Green and black tea from India and China were expensive to import for European settlers, so Rooibos taken with milk and sugar (or honey) was adopted as the next best thing. I Love Decaf sells a classic South African Rooibos that has bags of character, is naturally sweet and slightly nutty but – like all red bush teas – contains no caffeine and very little tannin.

White with one lump or two isn’t the only way to drink Rooibos. The sweet, malty notes of red bush blend very well with all kinds of fruits and spices for an exceptional, often sublime, cup of un-caffeinated tea.

2 Birds in a Red Bush Tea

A bird in the hand is worth two in a bush, right? If it’s a Red Bush and the bird is the notoriously demented South African Ostrich, things can get out of hand fairly pronto. On the other hand, a cup of this sweet and slightly nutty Rooibos tea is worth more than all the barking mad ostriches you can carry. Stay grounded and smooth, with an earthy caffeine-free drink that makes you unflappable.

The Red Bush Melting (Tea) Pot

As if South Africa isn’t already a global crossroads, Red Bush has some inspirational cross-cultural blending going on. While the colonial powers were moving tea from east to west, Europeans were spreading vanilla – slowly – in the opposite direction from Aztec Mesoamerica to Asia and Africa. Nowadays, vanilla is grown in Madagascar off the east coast of continental Africa, but in the settlers’ time red bush and vanilla was nothing but a wild and fragrant dream. Wake up and smell the vanilla.

Vanilla Flavoured Rooibos Infusion

A gorgeous and subtle mix of sweet orange and light clove notes make for a naturally caffeine free, delicious and bright infusion with excellent antioxidant properties.

Meanwhile, mixing cool peppermint – often used in North African cuisine – with Rooibos tea grown in the Cederberg area of the Western Cape unites two Mediterranean climates half a world away from each other.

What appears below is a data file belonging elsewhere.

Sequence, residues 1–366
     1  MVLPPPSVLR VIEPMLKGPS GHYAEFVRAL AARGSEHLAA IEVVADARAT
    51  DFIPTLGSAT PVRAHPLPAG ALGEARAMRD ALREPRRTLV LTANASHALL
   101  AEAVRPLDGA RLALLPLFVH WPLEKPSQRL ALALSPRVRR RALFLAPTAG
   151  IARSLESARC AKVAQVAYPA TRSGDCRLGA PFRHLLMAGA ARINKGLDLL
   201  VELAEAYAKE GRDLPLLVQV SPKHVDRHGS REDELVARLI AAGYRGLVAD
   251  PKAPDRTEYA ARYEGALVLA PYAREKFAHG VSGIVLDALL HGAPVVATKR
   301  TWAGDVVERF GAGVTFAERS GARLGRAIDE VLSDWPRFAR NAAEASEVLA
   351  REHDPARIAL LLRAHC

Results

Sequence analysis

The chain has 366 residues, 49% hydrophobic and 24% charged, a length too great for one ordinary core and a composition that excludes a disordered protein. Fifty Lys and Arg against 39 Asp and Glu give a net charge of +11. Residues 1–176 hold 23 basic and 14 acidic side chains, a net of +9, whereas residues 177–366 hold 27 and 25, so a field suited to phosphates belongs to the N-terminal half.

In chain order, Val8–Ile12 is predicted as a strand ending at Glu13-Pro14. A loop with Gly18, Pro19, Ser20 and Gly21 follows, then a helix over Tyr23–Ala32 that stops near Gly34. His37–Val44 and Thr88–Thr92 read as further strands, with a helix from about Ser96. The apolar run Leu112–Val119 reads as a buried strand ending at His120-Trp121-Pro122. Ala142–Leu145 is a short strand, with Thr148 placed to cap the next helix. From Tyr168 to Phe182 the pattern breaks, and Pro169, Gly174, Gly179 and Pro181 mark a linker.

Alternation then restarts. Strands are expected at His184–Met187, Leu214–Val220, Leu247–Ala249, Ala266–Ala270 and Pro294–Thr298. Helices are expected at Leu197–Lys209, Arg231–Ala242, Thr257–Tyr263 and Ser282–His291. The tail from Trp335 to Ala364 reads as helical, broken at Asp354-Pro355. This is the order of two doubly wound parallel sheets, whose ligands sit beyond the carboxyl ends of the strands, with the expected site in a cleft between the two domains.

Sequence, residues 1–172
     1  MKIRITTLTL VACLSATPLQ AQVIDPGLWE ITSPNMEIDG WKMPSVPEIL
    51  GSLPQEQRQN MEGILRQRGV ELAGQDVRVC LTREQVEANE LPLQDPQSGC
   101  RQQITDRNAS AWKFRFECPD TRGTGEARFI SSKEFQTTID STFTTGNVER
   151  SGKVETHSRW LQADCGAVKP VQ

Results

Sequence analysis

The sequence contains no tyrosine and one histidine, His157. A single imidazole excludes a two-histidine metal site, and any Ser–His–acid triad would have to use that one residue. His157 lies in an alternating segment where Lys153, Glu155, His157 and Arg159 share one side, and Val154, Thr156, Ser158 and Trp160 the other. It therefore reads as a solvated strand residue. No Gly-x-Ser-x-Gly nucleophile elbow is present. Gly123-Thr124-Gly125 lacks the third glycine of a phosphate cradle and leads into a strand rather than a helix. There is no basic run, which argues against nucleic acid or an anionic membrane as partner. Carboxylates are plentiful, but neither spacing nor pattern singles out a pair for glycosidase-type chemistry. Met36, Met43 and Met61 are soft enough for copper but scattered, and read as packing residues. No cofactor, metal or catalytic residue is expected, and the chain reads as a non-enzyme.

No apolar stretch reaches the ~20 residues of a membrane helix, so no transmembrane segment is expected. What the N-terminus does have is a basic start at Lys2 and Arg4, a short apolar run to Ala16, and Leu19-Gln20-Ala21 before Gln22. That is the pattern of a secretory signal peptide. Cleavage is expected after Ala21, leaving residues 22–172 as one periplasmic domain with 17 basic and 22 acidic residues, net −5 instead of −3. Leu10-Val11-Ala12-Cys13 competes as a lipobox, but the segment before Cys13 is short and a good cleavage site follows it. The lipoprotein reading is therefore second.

Minty Rooibos Tea

Make sure your everyday is as good as it can be with this delicious tea. Adding a sweet minty flavour to the malty, earthy Red Bush, this tea is perfect for an afternoon pick-me-up or a relaxing evening drink. Get your hands on our 1kg bag of Minty Rooibos tea and enjoy a cup whenever you want.

From pick-me-up to put-me-down, Rooibos is the perfect calming blend. After a hard day shouting at ostriches on the veldt, the Red Bush drinker wants nothing more than to relax into the evening, rejuvenate and wind down for the next day’s ostrich intimidation. Fortunately, Rooibos is versatile enough to mix beautifully with aromatic herbs, fruits and flowers for a soothing cuppa.

Aromatic Luxe Red Bush Tea

Find your perfect night-time tea. This delicious infusion is the perfect partner to help you relax and rejuvenate after a hard day. Blended with soothing Rooibos and aromatic lavender, apple and orange, it’s a wonderfully warming tea that will help you to both relax and rejuvenate. Our Tea Masters add just enough apples to complement the earthy notes of the rooibos, making for a deliciously clean but comforting cuppa with warming aromas.

Rooibos Tea Cosy Blend

This winter blend of red bush tea, cinnamon orange, almond cloves and cornflowers is a tea cosy for your mind. An inspiring brew to battle the cold with confidence, so you can go about your day.

We have yet more delicious blends of Rooibos tea on the way, from a pirate-inspired blend of spiciness to a liquid gold infusion as lavish as watching the sun set over the Great Karoo.

Spiced Pirate’s Rooibos Tea

A Rooibos pirate blend that it is one-part ahhh and one-part arrrr! With cinnamon, blackberry leaves, orange blossom, safflower petals, clove buds, cardamom and ginger extract, this treasure chest of Rooibos and spice is a pirate’s punch of flavour where X marks – but T hits – the spot.

All Seasons Luxe Red Bush Tea